I cant get past the fact that there is nothing actually profferable at this point.

March 7th, 2008 at 2:12 pm

I see that Tony has posted on the sufficiency issue too. Readers may want to scope his comments out.

March 7th, 2008 at 2:28 pm

Right. Also, the limited sufficiency limits the salvability. If all are not salvable because there is no blood provision for them whereby they may be forgiven, then what is being offered to them? It can’t be forgivenness upon some condition, for that is not even naturally possible. Not only are there moral barriers in the way, but natural barriers. All things are not prepared, so how can the great King, with sincerity, send out his messengers to indiscriminately invite all to come and eat the heavenly bread in Christ’s flesh, drink of his blood?

Moreover, as Baxter says, how can they be required to be thankful for the bread of his flesh that was never offered to them? Ought they to say, “thanks for nothing”?

March 7th, 2008 at 3:13 pm

The High Calvinist/Moderate Calvinist distinction seems to present two gospels. The former’s gospel is, “Christ died for the elect” the later, “Christ died for all men.” N.T. Wright’s gospel is “Christ is King.” It is silliness to think these are all mutually exclusive – which is what most Reformed folks think. Just my opinion.


March 9th, 2008 at 4:37 pm

Hey Eric,

I would be hesitant to the max to say we have more than one gospel here.

That aside, I would correct the first proposition you have there.

If the premises were:

High Calvinist: Christ died for the elect.
Moderate Calvinist: Christ died for all men

Then there is no contradiction. However, that is not what is being affirmed by the high Calvinist. Rather it is like this:

High Calvinist: Christ died ONLY for the elect.

This premise is not compatible with:

Moderate Calvinist: Christ died for all men

In the moderate schema, there is a sense where Christ died for all men in the same way: in the way of bearing the same guilt and charge against the sin which is equally due to all men.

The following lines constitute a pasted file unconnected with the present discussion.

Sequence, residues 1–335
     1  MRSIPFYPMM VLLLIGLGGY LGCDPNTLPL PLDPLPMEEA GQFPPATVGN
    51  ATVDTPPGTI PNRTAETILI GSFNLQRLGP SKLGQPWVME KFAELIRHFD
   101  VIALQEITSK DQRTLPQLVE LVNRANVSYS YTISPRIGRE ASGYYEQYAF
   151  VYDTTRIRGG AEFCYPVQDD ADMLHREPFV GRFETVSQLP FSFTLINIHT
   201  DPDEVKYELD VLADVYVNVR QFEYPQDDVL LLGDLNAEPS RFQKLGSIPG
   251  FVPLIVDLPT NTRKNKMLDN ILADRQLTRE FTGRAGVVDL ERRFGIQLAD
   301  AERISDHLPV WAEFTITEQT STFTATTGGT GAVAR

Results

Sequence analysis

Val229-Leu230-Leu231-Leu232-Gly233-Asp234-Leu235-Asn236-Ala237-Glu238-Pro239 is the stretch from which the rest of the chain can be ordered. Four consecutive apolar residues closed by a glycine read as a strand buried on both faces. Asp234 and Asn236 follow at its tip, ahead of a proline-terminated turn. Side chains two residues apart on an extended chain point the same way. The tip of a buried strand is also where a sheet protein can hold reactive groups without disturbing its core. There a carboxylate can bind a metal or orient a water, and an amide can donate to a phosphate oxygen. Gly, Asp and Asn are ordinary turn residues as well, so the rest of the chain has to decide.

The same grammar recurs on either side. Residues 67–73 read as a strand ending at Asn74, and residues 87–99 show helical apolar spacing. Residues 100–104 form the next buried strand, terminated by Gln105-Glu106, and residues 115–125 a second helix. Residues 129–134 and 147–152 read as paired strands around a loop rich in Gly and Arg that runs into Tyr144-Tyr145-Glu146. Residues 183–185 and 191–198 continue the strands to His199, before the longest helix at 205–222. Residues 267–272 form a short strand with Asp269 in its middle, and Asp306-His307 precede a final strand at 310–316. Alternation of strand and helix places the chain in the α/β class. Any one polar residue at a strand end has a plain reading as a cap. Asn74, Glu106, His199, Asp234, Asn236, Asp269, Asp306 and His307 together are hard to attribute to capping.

Both high and moderate can affirm this: Christ died effectually for the elect alone.

Thanks for stopping by. I have enjoyed reading your blog since finding it.

Take care,

March 9th, 2008 at 4:50 pm

I suppose I’m importing the terms of another debate into this one. I apologize for that. My point was in regard to those who deny the “free offer” – I did not intend to equate the Moderate position with Universalism. The news that Christ’s death is not sufficient for all is most certainly not good news. This is what I meant by “different gospel.” I must admit I’m new to this debate, but I do look forward to reading through this amazing collection of sources you have here. Thank you for the time you’ve put into this.


March 9th, 2008 at 5:16 pm

Hey Eric,

Just in case, I never took your comment as implying the moderate position is equatable to Universalism.

I know what you say about the news that there is no actual sufficiency for all men. When I reread Witsius and Turretin again, I was struck again by the force of their words. They really did bite the bullet and say the death of Christ is not actually sufficient for all men. It only, “could have been made sufficient for all.” What concerns me is that many highs day verbalize the formula, but the irony is, in doing so, they neither mean it as originally intended by Lombard and others, or even as the mainstream Protestant Scholastics did. Many today want the force of the original formula, but without the underlying theology to sustain it. C Hodge brought that theology that back to the foreground, as did Shedd and Dabney. AA Hodge moved back to the theology of Turretin, but kept the phrase. I think it is probably from folk like AA Hodge (and Boston et al) that we have the phrase so used today but devoid of the proper theological basis for it.

Thanks and take care,

March 9th, 2008 at 5:39 pm